Compare any two graphics cards:
Radeon HD 6750 vs Radeon HD 6850
IntroThe Radeon HD 6750 comes with a GPU core clock speed of 725 MHz, and the 512 MB of GDDR5 RAM is set to run at 1000 MHz through a 128-bit bus. It also features 720 Stream Processors, 36 Texture Address Units, and 16 ROPs.
Compare all of that to the Radeon HD 6850, which comes with GPU core speed of 775 MHz, and 1024 MB of GDDR5 memory set to run at 1000 MHz through a 256-bit bus. It also features 960 SPUs, 48 TAUs, and 32 Raster Operation Units.
Power Usage and Theoretical Benchmarks
Power Consumption (Max TDP)
As far as performance goes, the Radeon HD 6850 should in theory be much superior to the Radeon HD 6750 in general. (explain)
Texel RateThe Radeon HD 6850 should be quite a bit (more or less 43%) more effective at anisotropic filtering than the Radeon HD 6750. (explain)
Pixel RateThe Radeon HD 6850 will be quite a bit (approximately 114%) better at AA than the Radeon HD 6750, and also capable of handling higher resolutions while still performing well. (explain)
Please note that the above 'benchmarks' are all just theoretical - the results were calculated based on the card's specifications, and real-world performance may (and probably will) vary at least a bit.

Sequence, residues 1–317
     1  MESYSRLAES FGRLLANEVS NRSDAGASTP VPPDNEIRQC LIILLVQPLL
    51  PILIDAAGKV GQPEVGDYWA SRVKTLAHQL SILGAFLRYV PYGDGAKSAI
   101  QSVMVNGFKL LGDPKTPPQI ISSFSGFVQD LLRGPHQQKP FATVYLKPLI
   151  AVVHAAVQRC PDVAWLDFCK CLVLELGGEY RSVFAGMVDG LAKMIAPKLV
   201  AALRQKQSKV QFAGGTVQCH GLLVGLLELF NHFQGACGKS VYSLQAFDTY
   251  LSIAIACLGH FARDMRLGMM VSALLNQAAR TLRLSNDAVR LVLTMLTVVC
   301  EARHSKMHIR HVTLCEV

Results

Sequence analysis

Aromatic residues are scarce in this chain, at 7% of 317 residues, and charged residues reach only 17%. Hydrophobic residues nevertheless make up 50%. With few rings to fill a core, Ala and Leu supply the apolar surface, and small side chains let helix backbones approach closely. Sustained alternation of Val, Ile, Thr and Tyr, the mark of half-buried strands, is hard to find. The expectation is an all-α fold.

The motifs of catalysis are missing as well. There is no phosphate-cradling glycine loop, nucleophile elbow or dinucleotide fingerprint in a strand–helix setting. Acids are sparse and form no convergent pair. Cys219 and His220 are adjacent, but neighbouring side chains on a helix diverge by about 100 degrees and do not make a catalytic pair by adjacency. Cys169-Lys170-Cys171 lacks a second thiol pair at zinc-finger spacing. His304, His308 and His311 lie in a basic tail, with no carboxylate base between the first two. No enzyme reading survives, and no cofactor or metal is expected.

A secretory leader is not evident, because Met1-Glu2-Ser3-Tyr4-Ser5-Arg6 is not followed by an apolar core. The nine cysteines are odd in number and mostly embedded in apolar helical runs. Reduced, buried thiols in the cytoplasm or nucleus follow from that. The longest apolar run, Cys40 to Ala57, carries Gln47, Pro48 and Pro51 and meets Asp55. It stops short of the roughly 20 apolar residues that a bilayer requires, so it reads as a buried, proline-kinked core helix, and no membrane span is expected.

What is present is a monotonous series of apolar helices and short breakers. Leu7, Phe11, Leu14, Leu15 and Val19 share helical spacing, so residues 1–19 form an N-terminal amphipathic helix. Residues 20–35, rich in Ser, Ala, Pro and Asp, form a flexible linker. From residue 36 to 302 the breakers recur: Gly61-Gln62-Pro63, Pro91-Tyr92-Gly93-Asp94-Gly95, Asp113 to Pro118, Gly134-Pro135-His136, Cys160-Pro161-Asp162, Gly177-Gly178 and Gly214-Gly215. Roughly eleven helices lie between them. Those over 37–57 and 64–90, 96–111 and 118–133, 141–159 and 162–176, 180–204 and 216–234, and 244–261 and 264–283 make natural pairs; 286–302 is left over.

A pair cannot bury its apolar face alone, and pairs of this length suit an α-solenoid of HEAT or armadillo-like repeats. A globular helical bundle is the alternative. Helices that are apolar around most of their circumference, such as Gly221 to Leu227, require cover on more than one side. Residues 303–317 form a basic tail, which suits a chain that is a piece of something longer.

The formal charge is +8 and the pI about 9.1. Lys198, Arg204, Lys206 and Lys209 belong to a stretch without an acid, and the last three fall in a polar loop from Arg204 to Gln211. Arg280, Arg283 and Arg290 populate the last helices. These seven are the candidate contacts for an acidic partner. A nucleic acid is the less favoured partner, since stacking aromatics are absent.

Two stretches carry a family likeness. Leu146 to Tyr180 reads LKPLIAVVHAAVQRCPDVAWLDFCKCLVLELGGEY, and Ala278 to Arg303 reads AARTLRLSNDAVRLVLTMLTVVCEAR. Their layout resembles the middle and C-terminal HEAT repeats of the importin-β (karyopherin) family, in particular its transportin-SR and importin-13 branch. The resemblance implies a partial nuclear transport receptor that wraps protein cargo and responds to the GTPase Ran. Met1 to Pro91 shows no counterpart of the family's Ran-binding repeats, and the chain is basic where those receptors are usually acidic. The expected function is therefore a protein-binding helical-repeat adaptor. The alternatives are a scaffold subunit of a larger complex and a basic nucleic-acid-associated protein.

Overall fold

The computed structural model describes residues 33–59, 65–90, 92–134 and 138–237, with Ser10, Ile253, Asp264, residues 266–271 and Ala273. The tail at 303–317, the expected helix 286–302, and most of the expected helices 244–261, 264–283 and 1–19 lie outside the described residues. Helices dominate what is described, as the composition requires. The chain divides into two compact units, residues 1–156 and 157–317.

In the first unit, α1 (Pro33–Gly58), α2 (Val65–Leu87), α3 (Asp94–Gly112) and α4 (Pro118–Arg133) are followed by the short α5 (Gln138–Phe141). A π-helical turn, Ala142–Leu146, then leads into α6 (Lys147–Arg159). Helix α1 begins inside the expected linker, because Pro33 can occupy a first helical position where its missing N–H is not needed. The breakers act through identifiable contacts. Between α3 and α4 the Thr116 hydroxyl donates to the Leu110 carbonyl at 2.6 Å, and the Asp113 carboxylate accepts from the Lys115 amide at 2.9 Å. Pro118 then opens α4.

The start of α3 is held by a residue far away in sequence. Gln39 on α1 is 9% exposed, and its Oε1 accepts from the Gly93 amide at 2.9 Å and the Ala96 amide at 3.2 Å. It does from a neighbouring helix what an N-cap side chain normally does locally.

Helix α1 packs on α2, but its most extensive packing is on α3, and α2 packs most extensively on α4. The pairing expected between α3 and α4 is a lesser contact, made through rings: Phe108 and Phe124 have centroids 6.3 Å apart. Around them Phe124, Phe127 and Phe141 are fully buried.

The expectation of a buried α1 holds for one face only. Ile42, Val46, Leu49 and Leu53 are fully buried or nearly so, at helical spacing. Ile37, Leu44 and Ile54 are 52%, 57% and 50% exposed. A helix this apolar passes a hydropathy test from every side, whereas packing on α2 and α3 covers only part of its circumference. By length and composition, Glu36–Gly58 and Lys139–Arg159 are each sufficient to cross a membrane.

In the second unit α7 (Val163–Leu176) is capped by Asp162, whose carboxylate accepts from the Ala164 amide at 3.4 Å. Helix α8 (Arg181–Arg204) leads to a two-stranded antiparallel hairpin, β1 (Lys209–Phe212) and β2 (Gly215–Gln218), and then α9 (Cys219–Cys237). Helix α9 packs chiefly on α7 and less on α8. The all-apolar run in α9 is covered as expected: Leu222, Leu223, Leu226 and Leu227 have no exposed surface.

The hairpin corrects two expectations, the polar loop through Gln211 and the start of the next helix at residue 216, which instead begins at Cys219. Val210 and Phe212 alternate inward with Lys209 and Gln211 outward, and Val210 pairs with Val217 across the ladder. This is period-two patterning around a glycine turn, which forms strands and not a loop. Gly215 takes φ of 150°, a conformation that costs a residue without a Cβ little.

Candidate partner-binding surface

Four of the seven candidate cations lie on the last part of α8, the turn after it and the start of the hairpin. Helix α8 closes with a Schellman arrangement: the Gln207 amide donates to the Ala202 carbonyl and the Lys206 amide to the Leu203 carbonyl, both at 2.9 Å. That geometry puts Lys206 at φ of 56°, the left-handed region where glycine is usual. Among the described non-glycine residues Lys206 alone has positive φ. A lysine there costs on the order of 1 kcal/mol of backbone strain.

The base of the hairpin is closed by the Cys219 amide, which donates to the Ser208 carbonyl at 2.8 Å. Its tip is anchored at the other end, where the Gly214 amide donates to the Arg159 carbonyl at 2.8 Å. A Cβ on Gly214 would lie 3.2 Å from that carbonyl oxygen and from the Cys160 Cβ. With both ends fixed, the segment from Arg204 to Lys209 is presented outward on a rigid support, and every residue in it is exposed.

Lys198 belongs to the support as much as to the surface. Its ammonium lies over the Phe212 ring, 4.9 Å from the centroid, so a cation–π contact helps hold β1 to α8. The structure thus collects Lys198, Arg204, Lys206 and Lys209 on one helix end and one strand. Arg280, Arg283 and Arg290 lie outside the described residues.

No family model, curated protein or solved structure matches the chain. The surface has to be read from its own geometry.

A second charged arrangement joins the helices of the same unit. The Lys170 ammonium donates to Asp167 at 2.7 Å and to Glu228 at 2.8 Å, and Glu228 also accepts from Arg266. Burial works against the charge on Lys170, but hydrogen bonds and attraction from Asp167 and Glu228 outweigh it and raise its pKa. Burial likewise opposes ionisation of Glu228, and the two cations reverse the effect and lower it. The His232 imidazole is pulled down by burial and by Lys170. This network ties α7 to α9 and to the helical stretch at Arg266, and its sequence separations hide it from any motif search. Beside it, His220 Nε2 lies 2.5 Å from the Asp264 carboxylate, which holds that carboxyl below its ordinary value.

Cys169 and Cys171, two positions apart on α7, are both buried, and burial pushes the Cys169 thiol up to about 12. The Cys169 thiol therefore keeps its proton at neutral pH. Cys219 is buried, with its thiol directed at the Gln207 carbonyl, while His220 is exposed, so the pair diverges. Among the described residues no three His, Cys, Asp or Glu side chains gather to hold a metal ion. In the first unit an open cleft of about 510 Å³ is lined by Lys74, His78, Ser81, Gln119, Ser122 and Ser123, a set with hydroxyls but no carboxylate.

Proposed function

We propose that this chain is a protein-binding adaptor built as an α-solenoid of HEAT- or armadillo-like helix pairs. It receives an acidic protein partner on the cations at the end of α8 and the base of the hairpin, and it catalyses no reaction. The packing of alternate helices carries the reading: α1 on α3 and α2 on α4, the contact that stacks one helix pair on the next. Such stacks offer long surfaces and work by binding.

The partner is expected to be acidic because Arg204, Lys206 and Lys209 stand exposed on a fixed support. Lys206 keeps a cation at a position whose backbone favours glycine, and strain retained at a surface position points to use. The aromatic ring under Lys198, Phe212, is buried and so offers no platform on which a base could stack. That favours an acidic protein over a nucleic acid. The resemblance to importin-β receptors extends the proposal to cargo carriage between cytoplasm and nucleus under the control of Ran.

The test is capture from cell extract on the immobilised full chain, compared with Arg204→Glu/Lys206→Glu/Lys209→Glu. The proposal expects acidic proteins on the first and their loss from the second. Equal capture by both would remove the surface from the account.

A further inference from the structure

Please note that the price comparisons are based on search keywords - sometimes it might show cards with very similar names that are not exactly the same as the one chosen in the comparison. We do try to filter out the wrong results as best we can, though.
Memory Bandwidth: Bandwidth is the largest amount of data (in units of MB per second) that can be transferred across the external memory interface within a second. It's worked out by multiplying the card's interface width by its memory speed. In the case of DDR type memory, it must be multiplied by 2 again. If DDR5, multiply by ANOTHER 2x. The better the bandwidth is, the faster the card will be in general. It especially helps with AA, High Dynamic Range and high resolutions.
Texel Rate: Texel rate is the maximum texture map elements (texels) that are processed per second. This is calculated by multiplying the total number of texture units by the core speed of the chip. The higher this number, the better the graphics card will be at texture filtering (anisotropic filtering - AF). It is measured in millions of texels processed in one second.
Pixel Rate: Pixel rate is the maximum amount of pixels that the graphics chip can possibly write to the local memory in a second - measured in millions of pixels per second. The number is calculated by multiplying the amount of ROPs by the the core clock speed. ROPs (Raster Operations Pipelines - aka Render Output Units) are responsible for filling the screen with pixels (the image). The actual pixel fill rate also depends on many other factors, especially the memory bandwidth of the card - the lower the memory bandwidth is, the lower the potential to reach the max fill rate.